Food delivery giant Just Eat Takeaway.com was forged by Dutch online service Takeaway's $7.8 billion (£6.01 billion) acquisition of British food deliverer Just Eat. The forward share purchase will restore the German-based company's exposure in Just Eat Takeaway.com to 10.6% after the dilution caused by the merger, Delivery Hero said.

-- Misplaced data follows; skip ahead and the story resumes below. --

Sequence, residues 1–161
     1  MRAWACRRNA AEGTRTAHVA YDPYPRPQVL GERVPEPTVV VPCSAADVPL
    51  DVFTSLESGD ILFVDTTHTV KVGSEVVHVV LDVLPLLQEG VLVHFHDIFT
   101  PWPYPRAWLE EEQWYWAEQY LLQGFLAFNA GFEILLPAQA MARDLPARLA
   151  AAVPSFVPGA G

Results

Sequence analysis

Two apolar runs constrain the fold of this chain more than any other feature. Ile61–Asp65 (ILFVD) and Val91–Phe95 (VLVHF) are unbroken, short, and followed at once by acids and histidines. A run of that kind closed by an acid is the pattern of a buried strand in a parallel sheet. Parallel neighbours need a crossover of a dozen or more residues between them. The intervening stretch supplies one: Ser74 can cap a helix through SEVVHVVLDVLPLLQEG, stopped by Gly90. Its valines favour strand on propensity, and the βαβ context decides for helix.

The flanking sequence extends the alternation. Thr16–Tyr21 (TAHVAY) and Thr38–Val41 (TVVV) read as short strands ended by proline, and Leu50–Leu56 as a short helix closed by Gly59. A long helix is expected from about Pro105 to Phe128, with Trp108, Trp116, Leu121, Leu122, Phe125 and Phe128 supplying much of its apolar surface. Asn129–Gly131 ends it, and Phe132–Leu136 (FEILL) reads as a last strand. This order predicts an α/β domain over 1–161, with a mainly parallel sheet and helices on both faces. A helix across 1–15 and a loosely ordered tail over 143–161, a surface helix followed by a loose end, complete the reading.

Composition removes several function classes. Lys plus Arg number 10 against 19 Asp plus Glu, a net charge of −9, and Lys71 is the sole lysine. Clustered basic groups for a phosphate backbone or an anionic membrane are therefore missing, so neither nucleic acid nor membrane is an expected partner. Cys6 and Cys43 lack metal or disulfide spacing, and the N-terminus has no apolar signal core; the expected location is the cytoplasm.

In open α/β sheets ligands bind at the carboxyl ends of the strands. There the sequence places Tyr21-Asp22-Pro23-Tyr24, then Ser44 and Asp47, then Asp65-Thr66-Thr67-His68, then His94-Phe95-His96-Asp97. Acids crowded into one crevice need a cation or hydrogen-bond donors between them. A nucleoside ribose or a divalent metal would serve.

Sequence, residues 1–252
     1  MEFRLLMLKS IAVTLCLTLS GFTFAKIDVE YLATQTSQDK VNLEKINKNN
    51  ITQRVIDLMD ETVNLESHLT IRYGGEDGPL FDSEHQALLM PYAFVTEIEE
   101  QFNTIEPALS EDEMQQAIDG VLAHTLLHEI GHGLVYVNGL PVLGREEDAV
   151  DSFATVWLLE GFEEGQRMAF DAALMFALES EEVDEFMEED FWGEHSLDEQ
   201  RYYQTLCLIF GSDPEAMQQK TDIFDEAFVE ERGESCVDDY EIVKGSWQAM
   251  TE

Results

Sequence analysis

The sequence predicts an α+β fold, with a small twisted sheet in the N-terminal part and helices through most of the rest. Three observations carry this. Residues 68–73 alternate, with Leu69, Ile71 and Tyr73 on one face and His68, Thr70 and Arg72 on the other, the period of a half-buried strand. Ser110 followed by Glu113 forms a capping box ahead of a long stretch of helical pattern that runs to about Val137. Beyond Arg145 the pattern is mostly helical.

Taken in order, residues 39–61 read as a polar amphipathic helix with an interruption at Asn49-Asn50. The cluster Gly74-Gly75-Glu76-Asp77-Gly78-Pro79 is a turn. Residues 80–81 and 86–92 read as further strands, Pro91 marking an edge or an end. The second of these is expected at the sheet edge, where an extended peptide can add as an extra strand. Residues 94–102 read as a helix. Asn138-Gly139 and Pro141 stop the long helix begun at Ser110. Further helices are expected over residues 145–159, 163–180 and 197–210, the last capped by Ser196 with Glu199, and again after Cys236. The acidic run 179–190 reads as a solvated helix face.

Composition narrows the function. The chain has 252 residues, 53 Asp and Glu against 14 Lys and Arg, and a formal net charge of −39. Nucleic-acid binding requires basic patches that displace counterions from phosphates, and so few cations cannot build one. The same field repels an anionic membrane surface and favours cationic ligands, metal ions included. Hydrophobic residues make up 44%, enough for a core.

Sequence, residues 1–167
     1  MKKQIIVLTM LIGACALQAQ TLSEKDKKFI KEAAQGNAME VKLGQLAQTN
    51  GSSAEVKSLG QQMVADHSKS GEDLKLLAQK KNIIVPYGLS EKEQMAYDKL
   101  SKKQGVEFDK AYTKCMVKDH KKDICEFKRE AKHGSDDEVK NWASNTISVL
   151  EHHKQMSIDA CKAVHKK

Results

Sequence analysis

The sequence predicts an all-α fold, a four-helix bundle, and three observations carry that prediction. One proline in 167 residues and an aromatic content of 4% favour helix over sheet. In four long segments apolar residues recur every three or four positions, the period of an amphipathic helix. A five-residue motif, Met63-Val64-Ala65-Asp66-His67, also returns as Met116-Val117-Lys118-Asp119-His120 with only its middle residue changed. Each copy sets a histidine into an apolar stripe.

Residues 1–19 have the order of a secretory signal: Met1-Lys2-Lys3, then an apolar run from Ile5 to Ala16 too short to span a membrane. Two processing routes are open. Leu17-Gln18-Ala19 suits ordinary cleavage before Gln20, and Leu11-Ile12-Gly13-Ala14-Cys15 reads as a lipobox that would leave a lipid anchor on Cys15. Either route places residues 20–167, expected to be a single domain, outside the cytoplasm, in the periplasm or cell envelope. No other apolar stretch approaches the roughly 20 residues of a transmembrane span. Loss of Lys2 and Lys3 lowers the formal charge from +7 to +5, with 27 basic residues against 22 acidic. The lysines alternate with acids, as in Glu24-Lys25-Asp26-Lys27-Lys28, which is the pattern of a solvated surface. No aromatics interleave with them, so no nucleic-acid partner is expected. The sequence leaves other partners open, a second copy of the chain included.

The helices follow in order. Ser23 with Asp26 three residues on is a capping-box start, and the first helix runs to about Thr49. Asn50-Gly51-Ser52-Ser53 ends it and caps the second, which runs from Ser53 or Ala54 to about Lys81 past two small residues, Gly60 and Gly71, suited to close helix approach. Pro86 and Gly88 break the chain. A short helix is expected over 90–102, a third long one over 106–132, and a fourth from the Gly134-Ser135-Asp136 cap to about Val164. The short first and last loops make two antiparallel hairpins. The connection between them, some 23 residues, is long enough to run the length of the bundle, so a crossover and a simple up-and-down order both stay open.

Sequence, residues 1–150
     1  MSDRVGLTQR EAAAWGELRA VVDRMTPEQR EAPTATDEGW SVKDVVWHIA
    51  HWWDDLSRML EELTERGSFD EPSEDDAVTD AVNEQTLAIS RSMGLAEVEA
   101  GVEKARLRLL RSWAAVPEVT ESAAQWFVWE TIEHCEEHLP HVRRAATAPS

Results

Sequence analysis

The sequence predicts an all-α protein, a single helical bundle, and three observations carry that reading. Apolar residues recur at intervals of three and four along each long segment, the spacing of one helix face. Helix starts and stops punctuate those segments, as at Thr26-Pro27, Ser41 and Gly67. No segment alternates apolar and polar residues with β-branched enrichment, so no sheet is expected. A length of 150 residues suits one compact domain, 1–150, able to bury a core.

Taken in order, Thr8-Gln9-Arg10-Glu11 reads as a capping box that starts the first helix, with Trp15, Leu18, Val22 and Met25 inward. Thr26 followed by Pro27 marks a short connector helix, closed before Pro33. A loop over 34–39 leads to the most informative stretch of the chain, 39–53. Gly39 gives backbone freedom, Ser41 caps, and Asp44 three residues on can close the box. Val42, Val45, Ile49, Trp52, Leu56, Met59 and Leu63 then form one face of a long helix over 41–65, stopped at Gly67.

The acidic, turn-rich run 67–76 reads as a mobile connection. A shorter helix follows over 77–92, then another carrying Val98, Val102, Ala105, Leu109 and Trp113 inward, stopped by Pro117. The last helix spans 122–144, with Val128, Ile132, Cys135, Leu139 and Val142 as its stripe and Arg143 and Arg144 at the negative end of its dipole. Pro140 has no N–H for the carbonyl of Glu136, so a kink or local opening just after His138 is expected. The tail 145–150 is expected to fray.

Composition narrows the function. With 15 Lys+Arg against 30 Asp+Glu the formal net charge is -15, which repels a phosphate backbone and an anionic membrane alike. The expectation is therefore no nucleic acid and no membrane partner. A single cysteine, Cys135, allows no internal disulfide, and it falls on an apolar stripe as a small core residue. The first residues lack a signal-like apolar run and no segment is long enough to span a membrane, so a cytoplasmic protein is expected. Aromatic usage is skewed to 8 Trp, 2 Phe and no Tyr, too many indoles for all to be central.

(Bloomberg) -- South Korean e-commerce giant Coupang Corp. is preparing for an initial public offering as soon as 2021, according to people with knowledge of the matter.The Seoul-based company, founded in 2010 by Chief Executive Officer Bom Kim and said to be valued at $9 billion in late 2018, has begun working on tax structuring among other changes as it eyes a public listing next year, said one of the people, who requested anonymity because the matter is private. A company representative declined to comment.Last month, Coupang -- whose investors include SoftBank Group Corp.’s Vision Fund, BlackRock Inc. and Sequoia Capital -- appointed Alberto Fornaro as chief financial officer to succeed Richard Song. Earlier in 2019, it hired Jay Jorgensen, a former Walmart Inc. executive, as general counsel and chief compliance officer.SoftBank’s shares were up as much as 3.8% in Tokyo in the wake of the news.In November 2018, the Vision Fund invested $2 billion in the company in a deal that valued Coupang at $9 billion, people familiar with the matter said at the time. That funding followed $1 billion from SoftBank itself in 2015, valuing the startup at about $5 billion.Korea’s e-commerce market is the fifth-largest in the world and on track to be the third-largest by 2021, behind only China and the U.S., according to Coupang.Coupang had more than $10 billion in gross merchandise value on its platform as of Dec. 31, according to a person familiar with the company. Sales increased more than 60% year over year in 2019, the person said.Kim, a Harvard University dropout, had mulled an IPO a few years ago, he told CNBC in December, but opted instead to expand the business with a nationwide fast delivery network. In spite of intense competition from EBay Inc.’s Gmarket and family-run conglomerates such as Shinsegae Inc. and Lotte, Coupang has successfully expanded its shopping and delivery services with SoftBank’s investment.Though still unprofitable, Coupang has been pushing a growth narrative when talking to investors and in the summer it launched Coupang Eats as an extension of its delivery services. When South Korea’s biggest food delivery app Woowa Brothers Corp. sold an 87% stake to Delivery Hero SE, it alluded to Coupang Eats as a strong challenger.“Assuming Coupang lists shares in the U.S., it might get a conservative valuation as a loss-making unicorn, owing to WeWork’s IPO failure,” said SK Securities analyst Yoo Seung-woo.(Updates with analyst comment and SoftBank share price)To contact the reporters on this story: Giles Turner in London at firstname.lastname@example.org;Gillian Tan in New York at email@example.com;Sohee Kim in Seoul at firstname.lastname@example.orgTo contact the editors responsible for this story: Alan Goldstein at email@example.com, Andrew Pollack, Vlad SavovFor more articles like this, please visit us at bloomberg.comSubscribe now to stay ahead with the most trusted business news source.©2020 Bloomberg L.P.